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Soderbergh's Traffic Jams Awards Season
By Ellen A. Kim
(Hollywood.com, December 3, 2000)

If everything goes as predicted, Julia Roberts will owe her Oscar nomination to him. George Clooney owes his movie credibility to him. Brad Pitt and Matt Damon are among the A-listers clamoring to work with him.

He's only done some 10 films, but Steven Soderbergh is currently at the top of his game, having just won directing awards from the first critics' lists of the awards season: the National Board of Review, the New York Film Critics Circle, the L.A. Film Critics Association and the Broadcast Film Critics Association. With dueling Golden Globe nods to boot, Academy Award nominations are within his grasp. But the only dilemma is: For which film should he win?
Erin Brockovich was the first out of the gate, winning across-the-board raves and a best actress lock for Roberts. But Traffic, a gritty drama that explores three different intertwining stories about the drug war, will likely have many members of its ensemble cast duking it out for the best supporting categories (Benicio del Toro has already won a critics' prize and a Globe nod; Catherine Zeta-Jones has also received a supporting nomination.)

Soderbergh, 37, assembled his cast for Traffic while he was still editing Erin Brockovich. Because he was aiming for a specific gritty look, he decided to shoot the entire film himself. And even if Brockovich was a generously financed studio picture and his past efforts (sex, lies & videotape, Schizopolis) have been independent, Traffic falls somewhere in between.

"There's no difference… the problems that you face on Schizopolis are the same ones that you face in Out of Sight," Soderbergh says. "You just have more people standing around. But it's the same psychic pressure. … That's the trick of the mind you have to get yourself into, is to make the same decisions you made on Schizopolis on Traffic, even though there's more money, more at stake. You block that out and go strictly on your instinct about what's creatively best for this."

One of Soderbergh's brilliant instincts was to cast Michael Douglas as a newly appointed drug czar in one of the film's three storylines, and approach his wife, Zeta-Jones, to star in a separate one - even writing her real-life pregnancy into her character.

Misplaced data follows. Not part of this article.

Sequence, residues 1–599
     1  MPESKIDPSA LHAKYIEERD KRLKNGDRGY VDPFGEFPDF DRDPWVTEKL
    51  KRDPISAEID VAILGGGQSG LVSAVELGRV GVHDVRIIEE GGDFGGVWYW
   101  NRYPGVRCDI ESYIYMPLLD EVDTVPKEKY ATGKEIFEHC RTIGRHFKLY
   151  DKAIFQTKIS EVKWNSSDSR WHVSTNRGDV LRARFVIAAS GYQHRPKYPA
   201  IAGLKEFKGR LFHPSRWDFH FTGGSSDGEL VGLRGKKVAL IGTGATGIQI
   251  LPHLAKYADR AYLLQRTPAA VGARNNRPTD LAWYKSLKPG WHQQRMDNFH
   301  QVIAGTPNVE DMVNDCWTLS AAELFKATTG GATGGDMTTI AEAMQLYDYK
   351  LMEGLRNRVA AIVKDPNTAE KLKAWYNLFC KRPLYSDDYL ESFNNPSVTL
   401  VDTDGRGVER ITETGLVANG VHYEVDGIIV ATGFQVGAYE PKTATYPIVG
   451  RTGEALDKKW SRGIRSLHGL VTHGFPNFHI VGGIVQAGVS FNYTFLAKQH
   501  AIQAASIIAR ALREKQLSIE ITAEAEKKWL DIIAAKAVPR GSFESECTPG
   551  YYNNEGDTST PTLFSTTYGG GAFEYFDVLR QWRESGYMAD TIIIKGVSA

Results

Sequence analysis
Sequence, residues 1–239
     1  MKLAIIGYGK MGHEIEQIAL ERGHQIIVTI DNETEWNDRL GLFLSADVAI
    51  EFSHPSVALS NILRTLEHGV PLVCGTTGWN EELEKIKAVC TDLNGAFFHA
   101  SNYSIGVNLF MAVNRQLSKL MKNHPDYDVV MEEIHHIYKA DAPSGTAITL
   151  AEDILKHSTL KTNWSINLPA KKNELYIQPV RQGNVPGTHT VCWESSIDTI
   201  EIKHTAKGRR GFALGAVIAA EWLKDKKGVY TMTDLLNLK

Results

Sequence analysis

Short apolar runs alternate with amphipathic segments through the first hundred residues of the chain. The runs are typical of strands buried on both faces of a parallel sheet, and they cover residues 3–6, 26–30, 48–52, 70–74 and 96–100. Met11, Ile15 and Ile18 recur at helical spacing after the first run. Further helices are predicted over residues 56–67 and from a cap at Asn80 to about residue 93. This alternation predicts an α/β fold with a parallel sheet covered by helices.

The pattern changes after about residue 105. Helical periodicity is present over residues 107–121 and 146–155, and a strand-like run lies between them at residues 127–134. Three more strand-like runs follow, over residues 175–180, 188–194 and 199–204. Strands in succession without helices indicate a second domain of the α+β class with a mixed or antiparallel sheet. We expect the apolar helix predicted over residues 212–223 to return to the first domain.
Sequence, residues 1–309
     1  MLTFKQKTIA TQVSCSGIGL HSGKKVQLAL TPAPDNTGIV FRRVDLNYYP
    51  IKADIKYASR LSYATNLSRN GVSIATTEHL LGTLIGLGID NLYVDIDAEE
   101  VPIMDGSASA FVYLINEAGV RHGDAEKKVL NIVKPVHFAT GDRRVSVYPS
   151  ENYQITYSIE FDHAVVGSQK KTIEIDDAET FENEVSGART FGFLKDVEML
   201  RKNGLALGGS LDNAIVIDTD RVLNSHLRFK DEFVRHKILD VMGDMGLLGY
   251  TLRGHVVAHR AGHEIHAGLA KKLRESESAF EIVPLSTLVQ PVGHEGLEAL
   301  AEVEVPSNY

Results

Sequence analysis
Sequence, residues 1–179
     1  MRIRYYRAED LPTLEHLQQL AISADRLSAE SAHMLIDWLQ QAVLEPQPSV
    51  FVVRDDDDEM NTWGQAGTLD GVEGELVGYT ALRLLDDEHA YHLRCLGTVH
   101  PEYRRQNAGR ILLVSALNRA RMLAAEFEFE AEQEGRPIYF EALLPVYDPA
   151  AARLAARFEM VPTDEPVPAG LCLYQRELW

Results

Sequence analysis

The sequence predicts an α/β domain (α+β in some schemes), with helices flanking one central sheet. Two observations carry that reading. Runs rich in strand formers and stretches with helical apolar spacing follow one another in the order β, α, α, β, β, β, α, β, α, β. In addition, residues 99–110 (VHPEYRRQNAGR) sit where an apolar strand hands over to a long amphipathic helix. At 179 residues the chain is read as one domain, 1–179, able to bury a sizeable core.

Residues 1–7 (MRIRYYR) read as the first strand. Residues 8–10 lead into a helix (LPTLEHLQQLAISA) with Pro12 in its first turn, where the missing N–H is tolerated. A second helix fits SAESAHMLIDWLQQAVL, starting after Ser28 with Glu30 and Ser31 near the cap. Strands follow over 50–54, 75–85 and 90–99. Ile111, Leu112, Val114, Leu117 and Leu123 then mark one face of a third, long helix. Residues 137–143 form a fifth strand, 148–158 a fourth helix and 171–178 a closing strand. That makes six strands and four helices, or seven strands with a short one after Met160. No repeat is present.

"I called him and said, 'Look, I have some confidential stuff to tell you: I'm pregnant but I still want to do the movie. How do you feel about me doing it pregnant?' It took him, like, a few hours to think it over. And he got back to me and said, 'I think we can use it’," says Zeta-Jones, who discovers her wealth is the result of her husband (Steven Bauer)'s drug dealings and takes over his business while he is in jail. "And I said, 'Absolutely - I think it would really give her a vulnerability and heighten the stakes for her’."

It's just one example of what Soderbergh does best: work well with his actors, which the director says puts him ahead of some other directors.

"I've always liked actors, and I've always gotten along with them," he says simply. "I empathize with a specific brand of exposure that's involved with being on camera. It's intense. So I think a comfortable actor is a good actor, so I try and make sure they're OK, and when they're in the zone, I leave them alone. I don't get in their way."

Says Don Cheadle, who previously worked with Soderbergh on Out of Sight: "[He's got] talent pouring out of his ears. He's one of the great directors out there today. He has no ego about it; whoever's got the best answer in the room is the person he wants to hear from. He's confident and he makes you feel confident."

It might be why Cheadle, along with Clooney, Roberts, Pitt and Damon have taken big pay cuts to jump on to Soderbergh's remake of Ocean’s Eleven, the 1960 heist film that coined the term "The Brat Pack." Set to start filming in February, Ocean's may be Soderbergh's highest-profile project yet - but hearing about his directing style, it might still feel like an indie.

"[It's] not going to be a cheap movie to make," Soderbergh acknowledges. "[But] I'm still shooting it myself, there's still gonna be a lot of natural light. It's gonna be a hybrid aesthetic between something that's rough and something a little more polished. But I still hate having people standing around that don't have anything to do. … Actually we'll have more people standing in front of the camera than behind it."

Soderbergh also feels no need to apologize about what could be perceived as "going mainstream."

"The smaller, self-generated films will always be there," he reasons. "But when you get sent a script like Out of Sight or Ocean’s Eleven and you have that confluence of a good piece of material that you think you know how to do well, that you can put actors in and have them do a great job, and that might get seen, you gotta jump at that stuff. That stuff can't wait.

"When I got sent Ocean’s Eleven and I read it… I said 'I want in' 'cause I knew the next person that read it would say yes. … It's a harder group of planets to line up than a Schizopolis or a Limey. Which I can do basically anytime, anywhere, which I will continue to do. But you can't just let things like that slip by or you'll have a whole career of making Schizopolis - and you're screwed."

Judging from his résumé, Soderbergh's far from that. But you won't see him shooting the breeze about his accolades, either.

When told that Del Toro had earlier declared him "one of the top five filmmakers we have right now," Soderbergh shrugs and says, "We'll see what happens in five years."

 


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